The Northern Frontier – Mt Hermon, Caesarea Philippi, Golan Heights and Baptism in the Jordan River.
[box type=”info”] Before I begin today’s post I have to explain something. I received comments after the last post saying that the commenter hoped I was enjoying the trip and was looking ahead to what I would be discovering on the following day. This happened because I am taking the approach of documentary or journaling a trip that was ACTUALLY taken in 2007. I tried to explain this approach at the beginning of the series but not everybody saw that post. So, bear with me as I continue the daily journal of a 2007 trip.[/box]
The Northern Frontier
This is the Fourth Full Day of our trip, Saturday May 19, 2007 and the second day traveling outside Jerusalem. Yesterday we were south and west of Jerusalem and today we travel to the northernmost parts of the country within sight of the border with Lebanon on the north and nearly within sight of Syria to the east of us.
More specifically, we will explore the “high places” of worship of false gods at Mount Hermon, see the origin of the Jordan River there, and visit a Jewish “settlement” (almost a small town) in the disputed Golan Heights territory. Then on to Caesarea Philippi (where Peter identified Jesus as “the Christ, the Son of God”) and to the Mount of Beatitudes and finally get baptized in the Jordan River.
I hope to be able to convey how fascinating the day was for us.
Mount Hermon and the “High Places”.
I’m going to insert a photo gallery here to enable you to see what we saw, at your own speed, and even to read the explanatory plaques we read. It was fascinating and appalling to think of the rituals that were performed here by priests and common people searching for the right god or gods when the one true God was with them all the time! Click on any image to enlarge it.
Our next stop is the adjacent village of Caesarea Philippi ruins.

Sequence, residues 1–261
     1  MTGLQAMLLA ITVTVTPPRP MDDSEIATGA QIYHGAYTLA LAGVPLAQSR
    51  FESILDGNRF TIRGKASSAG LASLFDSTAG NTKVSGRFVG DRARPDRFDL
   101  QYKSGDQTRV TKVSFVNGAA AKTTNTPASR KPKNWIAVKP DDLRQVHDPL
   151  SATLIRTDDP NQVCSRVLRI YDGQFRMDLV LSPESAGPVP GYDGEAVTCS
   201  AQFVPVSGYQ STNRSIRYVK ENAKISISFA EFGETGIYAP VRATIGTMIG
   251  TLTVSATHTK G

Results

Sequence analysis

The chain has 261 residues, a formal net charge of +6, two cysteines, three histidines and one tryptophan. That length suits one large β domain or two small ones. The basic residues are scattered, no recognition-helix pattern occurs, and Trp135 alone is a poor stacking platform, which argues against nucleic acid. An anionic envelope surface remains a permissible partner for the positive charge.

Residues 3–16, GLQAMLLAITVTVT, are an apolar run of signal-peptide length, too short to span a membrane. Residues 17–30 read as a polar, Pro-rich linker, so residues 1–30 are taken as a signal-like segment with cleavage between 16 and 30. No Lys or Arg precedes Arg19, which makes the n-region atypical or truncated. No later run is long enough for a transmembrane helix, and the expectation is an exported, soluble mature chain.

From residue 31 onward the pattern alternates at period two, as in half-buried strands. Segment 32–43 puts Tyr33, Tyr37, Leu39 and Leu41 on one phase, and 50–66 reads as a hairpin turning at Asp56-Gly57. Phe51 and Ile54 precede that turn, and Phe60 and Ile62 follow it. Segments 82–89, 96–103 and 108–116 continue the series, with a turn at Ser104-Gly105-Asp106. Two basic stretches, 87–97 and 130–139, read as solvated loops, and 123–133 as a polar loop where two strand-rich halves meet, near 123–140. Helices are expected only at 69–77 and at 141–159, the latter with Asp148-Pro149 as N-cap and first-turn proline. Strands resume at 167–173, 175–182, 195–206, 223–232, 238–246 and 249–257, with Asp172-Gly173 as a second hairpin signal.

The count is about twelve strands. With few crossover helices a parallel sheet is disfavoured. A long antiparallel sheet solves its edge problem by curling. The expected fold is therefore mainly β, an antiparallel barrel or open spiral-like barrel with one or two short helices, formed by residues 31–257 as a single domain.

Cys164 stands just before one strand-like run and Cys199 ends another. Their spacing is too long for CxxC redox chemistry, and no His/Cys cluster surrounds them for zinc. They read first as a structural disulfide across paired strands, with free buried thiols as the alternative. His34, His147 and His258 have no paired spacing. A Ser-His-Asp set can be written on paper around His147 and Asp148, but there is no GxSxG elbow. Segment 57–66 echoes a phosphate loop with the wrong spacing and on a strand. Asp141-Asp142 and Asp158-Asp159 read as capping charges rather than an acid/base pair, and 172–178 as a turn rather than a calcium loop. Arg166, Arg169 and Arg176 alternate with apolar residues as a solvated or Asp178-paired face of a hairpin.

There wasn’t much to see but the site has significance for Christians because it was here that Jesus asked his disciples:
“Who do people say that the Son of Man is?”
They replied, “Some say John the Baptist; others say Elijah; and still others, Jeremiah, or one of the prophets.”
“But what about you?” he asked.
“Who do you say I am?”
Simon Peter answered, “You are the Christ, the Son of the living God.” Matt 16: 13-16 NIV
The Mount of the Beatitudes
This is what the place looks like today. It is maintained by a Roman Catholic Franciscan Order. In the 1930’s the Church of the Beatitudes was constructed over the site where it is believed that Jesus multiplied the loaves and fishes to feed the crowds.
We were very deeply moved by the reflection of what it would have been like to be one of the listeners of Jesus’ long and deeply significant statement of the real essence of the will of God for His people as opposed to the traditions of man that were corrupt and ungodly in much of their focus and implementation during Jesus’ time.
Capernaum – Peter’s Home and Frequent Area of Jesus’ Ministry
The town of Capernaum was the home town of Peter.
There is a small museum dedicated to him and the memorabilia of his time that is actually built over the ruins of Peter’s family home.
All of these ruins are very near the shore of the Sea of Galilee. We could almost “see” Jesus calling out “Come with me and I will make you fishers of men.
We walked around on the stone floors of the temple in places that Jesus probably taught and disputed with temple rulers.
Nearby is a park-like setting and large statue of Peter. Many of our group posed for pictures in front of Peter.
Baptism in the Jordan River
One of the top attractions in a Christian tour of Israel is the opportunity to be baptized in the Jordan River as Jesus was by John the Baptist at the beginning of His public ministry.
There are two sites that scholars have identified as the likely place of Jesus’ baptism neither of which is the Yardenit site which was opened as a safe place for pilgrims to be baptized.
Regardless of how close or far from the actual site of Jesus’ baptism we were, this was an intensely moving experience.
Some in our group had not been baptized previously. For others it was a renewal.
In such close proximity to all we were experiencing about the places and events of Jesus’ ministry, it was about as close to being there when John actually baptized Jesus as we could imagine.
And so our day comes to a close. We are tired but even more connected to the biblical narrative we have read over the years.
“They” say a picture is worth a thousand words and we agree and would add that there’s no substitute for being there in person.
Here are the links to prior posts in this series.
Be sure to read them all.
And there’s more to come so stay tuned!
Earlier Posts Include: